All 10 Jersey City Board of Education candidates attended a debate where topics such as career readiness, local control and the annual budget were discussed.
The start of the forum challenged each candidate to speak about two attributes that would be a “valuable asset to the vision of the board.”
Jersey City Board of Education candidate Angel Valentin, running on the Education Matters slate with Gina Verdibello and Sudhan Thomas, boasts his 12 year run on the board.
Valentin stood up and explained to the attending public that “it’s the best service you can give to the young adults and to the city.”
Asmaa Abdalla, who is a running under the Jersey City United slate with Matthew Schapiro and Luis Fernandez, was one of three candidates who were products of Jersey City public schools that has a passion for talking about firsthand experiences inside the schools.
Mussab Ali and Kimberly Goycochea, both 19 years of age, are also from Jersey City public schools and are running mates.
Ali talks about using McNair, his Alma mater, as a model to promote project basis learning.
Meanwhile, Goycochea believes her experience witnessing how teachers instruct students how to behave in front of the trustees would create a closer-knit relationship between students and board members.
Verdibello, who holds an art history degree and experience in grant writing, would like to focus on grants for the district as part of her initiatives.
Luis Fernandez, a pastor, and Matt Schapiro, who specializes in corporate communications, both believe in cohesiveness with the community, amongst board members, businesses and other entities in order to get grants and gain local control.
Sudhan Thomas, a CEO of a finance company, touts his experience in managing large budgets and large staffing. He also highlighted his teaching experience as a teacher at the 9/11 History Museum.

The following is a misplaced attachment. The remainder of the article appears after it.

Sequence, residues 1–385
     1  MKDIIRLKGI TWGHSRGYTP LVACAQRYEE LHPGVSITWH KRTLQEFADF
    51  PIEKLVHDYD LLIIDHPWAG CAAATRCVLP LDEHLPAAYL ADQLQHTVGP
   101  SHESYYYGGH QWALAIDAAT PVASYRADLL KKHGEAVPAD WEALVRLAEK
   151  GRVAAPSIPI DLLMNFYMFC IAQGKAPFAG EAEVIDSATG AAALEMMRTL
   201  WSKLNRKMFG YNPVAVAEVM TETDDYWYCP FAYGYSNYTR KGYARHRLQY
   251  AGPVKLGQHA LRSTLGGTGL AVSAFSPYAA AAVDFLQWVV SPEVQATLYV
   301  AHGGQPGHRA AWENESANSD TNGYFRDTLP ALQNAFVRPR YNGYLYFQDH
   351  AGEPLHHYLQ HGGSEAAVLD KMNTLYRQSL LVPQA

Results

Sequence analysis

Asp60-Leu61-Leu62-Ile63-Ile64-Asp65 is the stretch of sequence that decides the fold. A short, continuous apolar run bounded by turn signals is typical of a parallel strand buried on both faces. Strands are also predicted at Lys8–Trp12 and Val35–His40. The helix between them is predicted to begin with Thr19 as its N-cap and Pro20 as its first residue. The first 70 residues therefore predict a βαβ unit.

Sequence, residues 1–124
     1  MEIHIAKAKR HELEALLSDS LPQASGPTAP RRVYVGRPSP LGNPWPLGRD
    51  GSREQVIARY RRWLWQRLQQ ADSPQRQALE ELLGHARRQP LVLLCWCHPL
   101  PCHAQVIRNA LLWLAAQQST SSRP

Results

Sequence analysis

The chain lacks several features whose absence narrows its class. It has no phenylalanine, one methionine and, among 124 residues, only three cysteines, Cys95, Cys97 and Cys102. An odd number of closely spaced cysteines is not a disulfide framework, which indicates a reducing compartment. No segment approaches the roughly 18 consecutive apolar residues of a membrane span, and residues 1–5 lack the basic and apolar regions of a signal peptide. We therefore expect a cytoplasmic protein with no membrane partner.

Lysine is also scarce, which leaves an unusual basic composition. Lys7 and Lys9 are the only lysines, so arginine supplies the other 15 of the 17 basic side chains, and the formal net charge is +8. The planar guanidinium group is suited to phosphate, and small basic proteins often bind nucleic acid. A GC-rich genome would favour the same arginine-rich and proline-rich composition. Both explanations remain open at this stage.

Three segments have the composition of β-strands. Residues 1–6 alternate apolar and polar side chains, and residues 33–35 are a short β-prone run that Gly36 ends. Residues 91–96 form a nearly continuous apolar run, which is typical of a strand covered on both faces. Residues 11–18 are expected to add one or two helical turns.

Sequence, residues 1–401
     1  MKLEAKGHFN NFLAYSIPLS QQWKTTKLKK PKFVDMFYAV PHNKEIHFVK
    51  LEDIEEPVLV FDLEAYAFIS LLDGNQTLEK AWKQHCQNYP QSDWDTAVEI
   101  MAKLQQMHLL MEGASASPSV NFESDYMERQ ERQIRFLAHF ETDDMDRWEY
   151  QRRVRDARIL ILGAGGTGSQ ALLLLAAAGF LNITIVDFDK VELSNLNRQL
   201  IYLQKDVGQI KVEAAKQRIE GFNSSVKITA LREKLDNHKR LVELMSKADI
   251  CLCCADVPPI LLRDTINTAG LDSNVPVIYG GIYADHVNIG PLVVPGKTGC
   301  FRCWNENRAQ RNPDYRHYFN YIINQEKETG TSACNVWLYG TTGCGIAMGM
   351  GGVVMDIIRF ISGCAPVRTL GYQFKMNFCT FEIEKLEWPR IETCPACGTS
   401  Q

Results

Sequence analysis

Mark Rowan, an independent candidate, is focusing on central office commitment and is the only one that said “Jersey City public schools are good, but there is always room for improvement.”
Natalia Ioffe is the president of the parents council at Public School No. 16, where the forum was held. She has experience in cultivating funding for student’s needs. Since her involvement with P.S. 16, the school’s charitable contributions went from $16,000 to $60,000 in three years.
While most candidates had similar tactics as to college and career preparedness, a few had some more innovative ideas.
Abdalla would like to see a policy initiated where the student counselors do more than assist in college applications.
Additionally, Verdibello firmly believes in putting an end to PARCC and Common Core testing because “not all kids test the same” and this can be a problem for a student’s future plans.
Schapiro wants to push push for college and career readiness at a younger age since most kids who are entering the 9th grade and not prepared for a high school level of education.
“We really need to start young and we need to make sure that our kids, who are in kindergarten and first grade that they are getting what they need,” he said.
As far as local control, Rowan pointed a finger at the current board as to why this still hasn’t happened yet.
“The board of education last year is dysfunctional, and my understanding is that local control is in jeopardy because of the lack of cohesiveness with the superintendent, central office and some of the personalities on the board of education,” Rowan exclaimed.
Ali and Goycochea stated that they have “no political ties”, so their “true focus is on the students,” with Ali stressing that they are the only team not receiving funding from a super PAC.
Thomas replied to Ali’s claim about having no political ties, said “We have support from all levels of the government” and “this speaks on our earnest efforts to be partners and work within the various groups of the government.”
Thomas explained that in order to gain local control, everyone involved must be able to work together.
As for the budget, Valentin pointed out that the board spends too much money on outside counsel.
Verdibello, sharing the same sentiments as her running mates, stated the board is “top heavy” when it comes to salaries and the budget should really be looked at.
Fernandez also spoke about the importance of community collaboration in order to tackle the budget.
“It’s time for us to have conversation with developers with our city council, with the people who are in power and start speaking about partnerships in order to alleviate,” explained Fernandez.
The forum was hosted by the Historic Paulus Hook Association and moderated by Dr. Leila Sadeghi, the executive director for the Guarini Institute for Government and Leadership.